The Friday Five: Five Current ERISA Litigation Highlights - June 2020
This month’s Friday Five covers cases relating to an incarcerated individual’s entitlement to benefits, the relevance of post-decision evidence, hearsay objections to documents in the administrative record, the requirement of objective evidence to support subjective complaints of the claimant, the proof required to establish the threshold amount in controversy for diversity of citizenship jurisdiction, and recent DOL regulations regarding the impact of COVID-19 on certain ERISA deadlines.
- Insurer Not Required to Provide LTD Benefits to Incarcerated Individual. In Deane, the insurer discovered that a claimant was incarcerated for most of a two-year timeframe following his application for LTD benefits. Upon this discovery, the insurer enforced the incarceration exclusion under the policy, which stated that a claimant lost eligibility for LTD benefits while incarcerated. The court agreed that the insurer properly relied upon the exclusion and further determined that the plaintiff failed to establish disability upon his release from prison and ongoing disability thereafter. As such, the court granted summary judgment for the insurer, holding that the insurer’s decision to terminate the plaintiff’s LTD benefits was not arbitrary and capricious. Deane v. Aetna Life Ins. Co., No. 17-1646, 2020 WL 2572756 (D. Conn. May 21, 2020).
Court Rejects Plaintiff’s Attempts to Include Post-LTD Decision Social Security Ruling and Exclude as Hearsay Physician Conversations. In Cofield, before addressing the parties’ competing summary judgment motions, the court addressed two initial motions brought by the plaintiff in an LTD dispute. First, the court rejected the plaintiff’s request for a remand to the insurer for consideration of a more recent decision approving Social Security Disability Benefits. The court reasoned that because the decision was not before the insurer when it made the decision to terminate LTD benefits, it was not relevant. Second, the court further rejected the plaintiff’s attempts to exclude as hearsay a summary of a conversation between the insurer’s independent medical review provider and the plaintiff’s treating physician. The court determined that the recap of this conversation was not hearsay because it was not offered for the truth of the matter asserted and, further, that it satisfied the business record exemption. Cofield v. The Hartford, No. 18-607, 2020 WL 2218935 (May 7, 2020 N.D. Ala.).
Insurer Permitted to Rely on Objective Evidence to Counter Plaintiff’s Subjective Complaints. In Catania, the plaintiff, an anesthesiologist, complained of back pain following two car accidents. The court reviewed the administrative record on a de novo standard, noting that subjective complaints by the claimant are “important factors to be considered in determining disability.” The court ultimately entered summary judgment in favor of the insurer, however, further concluding that it was “hardly unreasonable for the administrator to require an objective component” to establish disability, particularly where the policy required “proof” of such disability suggesting an objectivity requirement. The plaintiff’s failure to support his subjective complaints with objective medical evidence doomed his claim. Catania v. UNUM Life Ins. Co., No. 19-133, 2020 WL 2129374 (NDNY May 5, 2020).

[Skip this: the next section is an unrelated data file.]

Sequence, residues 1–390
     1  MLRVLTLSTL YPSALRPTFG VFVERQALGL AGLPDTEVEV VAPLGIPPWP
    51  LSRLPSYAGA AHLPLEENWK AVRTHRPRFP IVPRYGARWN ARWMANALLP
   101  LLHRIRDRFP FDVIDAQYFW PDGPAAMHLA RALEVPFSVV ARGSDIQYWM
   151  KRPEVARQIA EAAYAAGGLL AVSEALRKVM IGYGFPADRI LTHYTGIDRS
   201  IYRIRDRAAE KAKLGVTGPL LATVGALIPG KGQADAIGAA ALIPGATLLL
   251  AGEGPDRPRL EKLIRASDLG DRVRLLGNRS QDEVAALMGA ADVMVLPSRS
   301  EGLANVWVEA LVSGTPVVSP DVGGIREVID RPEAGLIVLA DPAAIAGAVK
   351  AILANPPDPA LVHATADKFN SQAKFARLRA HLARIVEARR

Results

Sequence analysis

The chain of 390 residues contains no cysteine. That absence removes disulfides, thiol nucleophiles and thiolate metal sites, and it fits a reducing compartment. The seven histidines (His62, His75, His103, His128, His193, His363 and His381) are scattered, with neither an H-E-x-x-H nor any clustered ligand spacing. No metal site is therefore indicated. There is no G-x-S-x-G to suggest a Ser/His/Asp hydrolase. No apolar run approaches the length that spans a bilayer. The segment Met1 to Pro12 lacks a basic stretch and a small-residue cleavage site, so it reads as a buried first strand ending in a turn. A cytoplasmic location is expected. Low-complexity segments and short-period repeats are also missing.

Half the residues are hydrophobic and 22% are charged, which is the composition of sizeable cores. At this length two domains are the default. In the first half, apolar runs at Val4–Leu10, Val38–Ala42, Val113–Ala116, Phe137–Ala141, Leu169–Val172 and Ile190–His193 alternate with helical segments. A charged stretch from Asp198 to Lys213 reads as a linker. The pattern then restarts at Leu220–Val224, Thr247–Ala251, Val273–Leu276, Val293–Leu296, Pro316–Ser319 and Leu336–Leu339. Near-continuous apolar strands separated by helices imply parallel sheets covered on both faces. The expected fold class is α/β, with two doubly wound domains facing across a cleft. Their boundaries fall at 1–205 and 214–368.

Colorado District Court Provides In-Depth Overview of Removal Standards. In Carney, the district court provided an in-depth and helpful refresher on the standards for removal to federal court for diversity of citizenship jurisdiction. The court specifically reviewed how much and what type of evidence was required to meet the $75,000 amount in controversy threshold. In the case, the complaint was silent as to the amount at issue, but the court noted that allegations as to the amount in the notice of removal can carry the day, and that the plaintiff cannot avoid removal merely by remaining silent on damages. Once the defendant shows by a preponderance of the evidence that the jurisdictional threshold is satisfied, the burden shifts to the plaintiff to establish that it is “legally certain” that it cannot recover more than $75,000 (which, of course, might be a concession many plaintiffs are not willing to make, particularly at the outset of a litigation). Carney v. Anthem Life Ins. Co., No. 19-3075, 2020 WL 2188779 (D. Col. Apr. 22, 2020).
Department of Labor Issues Regulations Related to Certain Deadlines Impacted by COVID-19. The Department of Labor (DOL) recently issued regulations regarding the treatment of certain timeframes under ERISA due to the COVID-19 pandemic. In its regulations, the DOL explained that “the Agencies are extending certain timeframes otherwise applicable to group health plans, disability and other welfare plans, pension plans, and their participants and beneficiaries under ERISA . . . .” The DOL noted, for example, that plans should “disregard the period from March 1, 2020 until sixty (60) days after the announced end of the National Emergency or such other date announced by the Agencies in a future notification (the ‘Outbreak Period’)” for a claimant to “file an appeal of an adverse benefit determination under the plan’s claims procedures . . . .”
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